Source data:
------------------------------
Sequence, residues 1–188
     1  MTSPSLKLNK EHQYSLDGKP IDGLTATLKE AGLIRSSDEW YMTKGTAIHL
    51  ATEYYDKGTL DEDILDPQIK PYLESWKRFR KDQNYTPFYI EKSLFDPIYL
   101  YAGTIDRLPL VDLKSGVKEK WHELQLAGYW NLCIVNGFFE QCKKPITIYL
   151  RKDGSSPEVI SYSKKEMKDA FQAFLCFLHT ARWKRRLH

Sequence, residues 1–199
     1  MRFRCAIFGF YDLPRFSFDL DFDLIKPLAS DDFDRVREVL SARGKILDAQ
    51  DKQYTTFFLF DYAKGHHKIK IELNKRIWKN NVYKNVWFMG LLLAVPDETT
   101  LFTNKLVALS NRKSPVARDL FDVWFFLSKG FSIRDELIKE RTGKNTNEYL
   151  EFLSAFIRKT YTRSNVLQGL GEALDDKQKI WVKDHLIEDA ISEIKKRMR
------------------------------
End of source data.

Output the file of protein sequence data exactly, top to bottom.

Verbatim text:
Sequence, residues 1–188
     1  MTSPSLKLNK EHQYSLDGKP IDGLTATLKE AGLIRSSDEW YMTKGTAIHL
    51  ATEYYDKGTL DEDILDPQIK PYLESWKRFR KDQNYTPFYI EKSLFDPIYL
   101  YAGTIDRLPL VDLKSGVKEK WHELQLAGYW NLCIVNGFFE QCKKPITIYL
   151  RKDGSSPEVI SYSKKEMKDA FQAFLCFLHT ARWKRRLH

Sequence, residues 1–199
     1  MRFRCAIFGF YDLPRFSFDL DFDLIKPLAS DDFDRVREVL SARGKILDAQ
    51  DKQYTTFFLF DYAKGHHKIK IELNKRIWKN NVYKNVWFMG LLLAVPDETT
   101  LFTNKLVALS NRKSPVARDL FDVWFFLSKG FSIRDELIKE RTGKNTNEYL
   151  EFLSAFIRKT YTRSNVLQGL GEALDDKQKI WVKDHLIEDA ISEIKKRMR